Today we are comparing two popular standing desks, The Uplift Desk v2 vs. Jarvis Desk. If you are in the search for a new adjustable height desk, there is a good chance you have seen at least one of these models. Each offers a large height adjustment range, heavy load capacity and solid fifteen year warranties on their frames. While they may look very similar, we were surprised to find out there were definite differences between them. So with that, let’s take a closer look at the review and where each is different.
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Jarvis Desk vs. Uplift Desk v2
Both Jarvis and Uplift are currently being manufactured by JieCang Linear Motion Technologies. JieCang has been producing linear actuators for hospital furniture since early 2000. In 2011 they saw an opportunity to utilize their technology within desk frames to create an electric standing desk. Since then they have become the leading Chinese manufacturer of motorized standing desks.
Jarvis and Uplift v2 2022 Pricing
One of the first things we wanted to compare between these two was pricing and availability. What we found is that the pricing for the various configurations is actually similar. After tracking these products for multiple years, both brands have recently increased pricing. This is likely due to the tariffs imposed on Chinese made products.
The most affordable option would be the base only (frame only), which allows you to retrofit your own top. For those who would like to purchase a base and top together, there are quite a few options.
|Jarvis Desk by Fully||Uplift Desk v2|
|Expandable Base (no top)||$499.00||$549.00|
|30” x 60” Laminate||$759.00||$769.00|
|30” x 60” Bamboo||$809.00||$859.00|
|30” x 60” Powder Coated||$809.00||$809.00|
|Lead Time||1-2 Business Days||1-2 Business Days|
|Where To Buy||Buy Uplift on Amazon||Buy Jarvis on Amazon|
Each desk requires about 30 to 90 minutes depending on your skill level. They both require a lot of screws and have a pain point attaching the upper frame to the column. The recessed nature of the frame made inserting the screws a bit cumbersome. Attaching the feet on the Jarvis desk was quicker, while the aluminum feet on the Uplift posed issues with inserting screws. We recommend using a longer allen wrench for assembly on the Uplift desk, without this fully tightening the feet was difficult. Also consider adding a gel like Loctite Threadlocker for a more consistent hold on the foot assembly.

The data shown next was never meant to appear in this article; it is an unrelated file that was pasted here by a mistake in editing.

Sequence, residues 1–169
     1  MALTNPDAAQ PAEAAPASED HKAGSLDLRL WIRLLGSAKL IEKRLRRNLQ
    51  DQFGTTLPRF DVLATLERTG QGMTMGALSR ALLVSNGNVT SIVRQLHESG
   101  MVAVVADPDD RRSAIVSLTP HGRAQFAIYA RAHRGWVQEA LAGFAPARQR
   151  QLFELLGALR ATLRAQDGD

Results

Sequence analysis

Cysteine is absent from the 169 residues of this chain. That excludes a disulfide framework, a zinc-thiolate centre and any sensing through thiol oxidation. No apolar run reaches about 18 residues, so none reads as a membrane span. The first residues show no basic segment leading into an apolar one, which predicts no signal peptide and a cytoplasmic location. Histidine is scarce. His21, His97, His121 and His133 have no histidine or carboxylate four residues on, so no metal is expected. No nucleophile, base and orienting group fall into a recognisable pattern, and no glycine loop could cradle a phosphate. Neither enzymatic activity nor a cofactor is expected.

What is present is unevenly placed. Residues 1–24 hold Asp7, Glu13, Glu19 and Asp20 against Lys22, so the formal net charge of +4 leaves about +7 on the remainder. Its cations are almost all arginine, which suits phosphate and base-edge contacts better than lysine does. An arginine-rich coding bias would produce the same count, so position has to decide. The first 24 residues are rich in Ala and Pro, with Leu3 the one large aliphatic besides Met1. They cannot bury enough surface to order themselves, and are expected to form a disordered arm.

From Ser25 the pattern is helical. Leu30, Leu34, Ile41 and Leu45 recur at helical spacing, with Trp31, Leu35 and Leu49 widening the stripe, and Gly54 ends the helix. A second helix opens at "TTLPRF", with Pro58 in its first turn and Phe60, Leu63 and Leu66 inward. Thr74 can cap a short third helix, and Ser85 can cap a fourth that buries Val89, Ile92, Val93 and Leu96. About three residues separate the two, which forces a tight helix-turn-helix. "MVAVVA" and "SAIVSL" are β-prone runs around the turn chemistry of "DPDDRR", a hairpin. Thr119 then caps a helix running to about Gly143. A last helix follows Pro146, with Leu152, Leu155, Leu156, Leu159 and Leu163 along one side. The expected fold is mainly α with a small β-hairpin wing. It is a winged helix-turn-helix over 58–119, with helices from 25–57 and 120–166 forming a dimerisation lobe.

Jarvis vs. Uplift Standard Specs/Features
While the Jarvis and Uplift bases have similar specifications, they aren’t quite the same base. We were unsure why both brands listed two different weight capacities, when the OEM manufacturer shows the same capacity 1000N (224.808 lbs) for these bases. The adjustment range is slightly different because of the way each column mounts to the foot. Jarvis is set within the foot, allowing it to go lower, while Uplift is mounted on top of the foot which allows it to be slightly taller. Depending on your height, each base could provide a better fit.
|Specs/Features||Jarvis Desk by Fully||Uplift Desk v2|
|Button Options||Standard up/down push button||Standard up/down push button|
|Adjustment Range||23.125” to 48.75”||24.5” to 50”|
|Adjustment Speed||1.32” per second||1.33” per second|
|Soft Start – Stop||Yes||Yes|
|Auto-dark LED display||Yes||Yes|
|Leveling Glides||.25” adjustment||.375” adjustment|
|Expandable Frame||42.5” to 74” Wide||42.25” to 70” Wide|
|Foot Material||Steel||Molded Aluminum|
Stability of Each Desk
While both desks are utilizing the same JieCang technology, they are distinctly different with regards to stability. That lack of a traditional cross support between the legs meant that above 43.5” each desk had wobble issues. The front to back stability was also different from the orientation of the columns. Below are the WobbleMeter results.
WobbleMeter Testing Jarvis Desk vs Uplift Desk v2
If you would like to see the pictures and videos of us testing the Jarvis and Uplift on the WobbleMeter, please visit the page for each brand (Jarvis WobbleMeter and Uplift v2 WobbleMeter). Below is the deflection score range guide for the WobbleMeter. How these results impact your experience will depend on your sensitivity to wobble and rocking motions.
If you’d like to learn more about using the WobbleMeter visit: what is the WobbleMeter?.
WobbleMeter Score Range Guide
0-20 = Excellent Stability
Almost all of the desks tested at sitting height will score between 0-20. This is our baseline for excellent stability since most standing desks provide excellent stability at their lowest heights. Users in this range will not notice motion.
21-30 = Very Good to Good Stability